Frankly, I don't know what would make them self cleaning either, but
what you describe makes sense. I haven't burnished my contacts for
several years now and they keep working OK even in a windy environment
where there's bound to be a lot of vibration.
Jim Lux wrote:
> At 08:33 AM 12/5/2006, Joe Giacobello wrote:
>> Some time ago, another correspondent on this or a similar list said that
>> the relays in the RCS8 were self-cleaning. Up until that time I had
>> been doing an annual PM by using a burnishing tool on the contacts. Are
>> you guys saying that they are not self-cleaning and do require periodic
> I don't know if the RCS-8V relays are self cleaning; since they're a
> MFJ custom part, there's no data sheet to go look at, although an
> inquiry to Tom, W8JI, might be productive on this point, since he's
> probably seen more of these relays than I've had hot dinners.
> There are other relays that have been mentioned on this list which ARE
> standard parts, and for which the datasheet says what the behavior is.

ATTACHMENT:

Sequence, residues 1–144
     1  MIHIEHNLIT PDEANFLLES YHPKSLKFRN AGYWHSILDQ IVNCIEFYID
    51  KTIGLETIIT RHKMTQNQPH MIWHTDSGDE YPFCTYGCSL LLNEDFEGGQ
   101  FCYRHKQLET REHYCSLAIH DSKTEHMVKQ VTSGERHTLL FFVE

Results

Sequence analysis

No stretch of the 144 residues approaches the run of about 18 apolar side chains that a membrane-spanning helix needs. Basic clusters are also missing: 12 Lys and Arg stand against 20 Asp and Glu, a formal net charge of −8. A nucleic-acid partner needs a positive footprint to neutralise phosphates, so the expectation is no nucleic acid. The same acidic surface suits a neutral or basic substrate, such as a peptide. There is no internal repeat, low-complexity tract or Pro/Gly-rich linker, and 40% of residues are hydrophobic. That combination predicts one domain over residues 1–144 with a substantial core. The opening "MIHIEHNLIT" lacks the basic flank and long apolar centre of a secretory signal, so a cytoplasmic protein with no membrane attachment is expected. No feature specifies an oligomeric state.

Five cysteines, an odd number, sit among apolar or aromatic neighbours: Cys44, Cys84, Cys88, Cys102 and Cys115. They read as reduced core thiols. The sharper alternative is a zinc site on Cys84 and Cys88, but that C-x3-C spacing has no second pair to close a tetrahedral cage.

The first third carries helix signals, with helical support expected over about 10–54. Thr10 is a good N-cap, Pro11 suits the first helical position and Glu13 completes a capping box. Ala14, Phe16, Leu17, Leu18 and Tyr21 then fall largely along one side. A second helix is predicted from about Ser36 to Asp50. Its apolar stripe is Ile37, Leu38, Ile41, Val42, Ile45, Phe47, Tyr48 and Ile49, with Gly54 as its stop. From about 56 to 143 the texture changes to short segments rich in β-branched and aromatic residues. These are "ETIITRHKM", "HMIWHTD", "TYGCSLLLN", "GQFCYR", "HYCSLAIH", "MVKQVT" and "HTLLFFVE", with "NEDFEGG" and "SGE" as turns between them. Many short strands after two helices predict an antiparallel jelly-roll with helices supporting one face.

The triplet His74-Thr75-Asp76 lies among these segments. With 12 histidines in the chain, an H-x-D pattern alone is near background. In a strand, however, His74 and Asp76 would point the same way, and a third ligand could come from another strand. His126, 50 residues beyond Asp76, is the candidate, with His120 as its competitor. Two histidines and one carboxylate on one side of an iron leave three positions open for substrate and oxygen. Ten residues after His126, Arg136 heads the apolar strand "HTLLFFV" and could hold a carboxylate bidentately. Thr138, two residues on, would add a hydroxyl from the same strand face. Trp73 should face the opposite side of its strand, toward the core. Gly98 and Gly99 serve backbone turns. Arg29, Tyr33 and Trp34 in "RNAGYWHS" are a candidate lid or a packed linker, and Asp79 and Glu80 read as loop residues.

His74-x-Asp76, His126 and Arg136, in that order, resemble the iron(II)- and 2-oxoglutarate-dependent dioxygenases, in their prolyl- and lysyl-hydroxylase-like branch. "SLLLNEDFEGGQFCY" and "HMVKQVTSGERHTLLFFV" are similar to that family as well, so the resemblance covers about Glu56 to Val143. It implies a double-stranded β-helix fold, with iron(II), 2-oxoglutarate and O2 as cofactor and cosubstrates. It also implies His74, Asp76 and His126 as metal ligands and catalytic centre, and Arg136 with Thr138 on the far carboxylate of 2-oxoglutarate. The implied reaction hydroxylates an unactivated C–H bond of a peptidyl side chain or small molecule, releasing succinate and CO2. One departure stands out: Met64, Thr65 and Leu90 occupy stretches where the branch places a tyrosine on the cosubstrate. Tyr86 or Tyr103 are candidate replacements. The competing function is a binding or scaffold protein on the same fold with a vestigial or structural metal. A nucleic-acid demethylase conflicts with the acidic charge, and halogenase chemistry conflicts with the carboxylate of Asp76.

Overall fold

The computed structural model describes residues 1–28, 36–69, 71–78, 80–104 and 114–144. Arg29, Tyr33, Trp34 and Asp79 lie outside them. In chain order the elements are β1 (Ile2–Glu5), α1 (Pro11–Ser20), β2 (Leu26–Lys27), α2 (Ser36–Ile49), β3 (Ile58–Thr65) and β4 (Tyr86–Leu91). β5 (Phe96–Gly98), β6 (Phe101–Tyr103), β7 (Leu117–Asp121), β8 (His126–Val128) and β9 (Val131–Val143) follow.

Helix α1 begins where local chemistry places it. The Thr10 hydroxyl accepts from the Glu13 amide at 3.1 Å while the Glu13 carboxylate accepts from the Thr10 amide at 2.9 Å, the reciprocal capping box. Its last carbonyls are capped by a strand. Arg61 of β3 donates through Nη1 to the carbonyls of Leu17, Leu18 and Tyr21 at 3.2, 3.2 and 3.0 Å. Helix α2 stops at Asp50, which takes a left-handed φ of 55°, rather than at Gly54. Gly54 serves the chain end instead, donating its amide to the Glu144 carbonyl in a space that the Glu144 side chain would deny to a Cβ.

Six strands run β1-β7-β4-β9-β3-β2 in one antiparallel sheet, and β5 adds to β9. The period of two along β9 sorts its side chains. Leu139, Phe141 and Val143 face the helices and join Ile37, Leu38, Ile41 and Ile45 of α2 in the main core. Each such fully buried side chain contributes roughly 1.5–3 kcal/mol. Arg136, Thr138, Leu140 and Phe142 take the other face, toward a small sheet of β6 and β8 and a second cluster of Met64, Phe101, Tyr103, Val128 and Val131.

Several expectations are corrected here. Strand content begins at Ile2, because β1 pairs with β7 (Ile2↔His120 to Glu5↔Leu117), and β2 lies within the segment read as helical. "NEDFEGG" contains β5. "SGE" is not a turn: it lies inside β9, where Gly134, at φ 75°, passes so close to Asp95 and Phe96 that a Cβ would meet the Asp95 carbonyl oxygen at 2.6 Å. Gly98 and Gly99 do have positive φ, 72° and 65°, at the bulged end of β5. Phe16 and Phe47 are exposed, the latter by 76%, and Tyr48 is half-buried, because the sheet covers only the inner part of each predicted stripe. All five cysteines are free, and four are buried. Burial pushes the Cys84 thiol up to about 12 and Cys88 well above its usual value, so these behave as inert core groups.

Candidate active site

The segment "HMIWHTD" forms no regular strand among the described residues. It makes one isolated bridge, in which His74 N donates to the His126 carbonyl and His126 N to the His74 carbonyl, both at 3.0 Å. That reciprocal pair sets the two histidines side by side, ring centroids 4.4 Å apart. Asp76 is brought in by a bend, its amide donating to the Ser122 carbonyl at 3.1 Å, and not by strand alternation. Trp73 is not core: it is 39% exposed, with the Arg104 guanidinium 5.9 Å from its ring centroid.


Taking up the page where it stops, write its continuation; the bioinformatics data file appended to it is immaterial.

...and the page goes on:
> To be honest, I'm not sure precisely what makes a contact self
> cleaning, at least by looking at it. There needs to be some lateral
> wiping action, but I suspect it doesn't take much. The overall
> mechanical slop in the mechanism, in combination with the contact
> surface being slightly convex, might be all you need. In a high
> current contactor (a starting relay for an airplane), the cleaning was
> accomplished by setting the contacts at a slight angle, so every time
> it closed, the copper ring that served as the contacts for the
> armature rotated a few degrees. A very clever scheme.
> The contact material also has something to do with it.
> Jim, W6RMK
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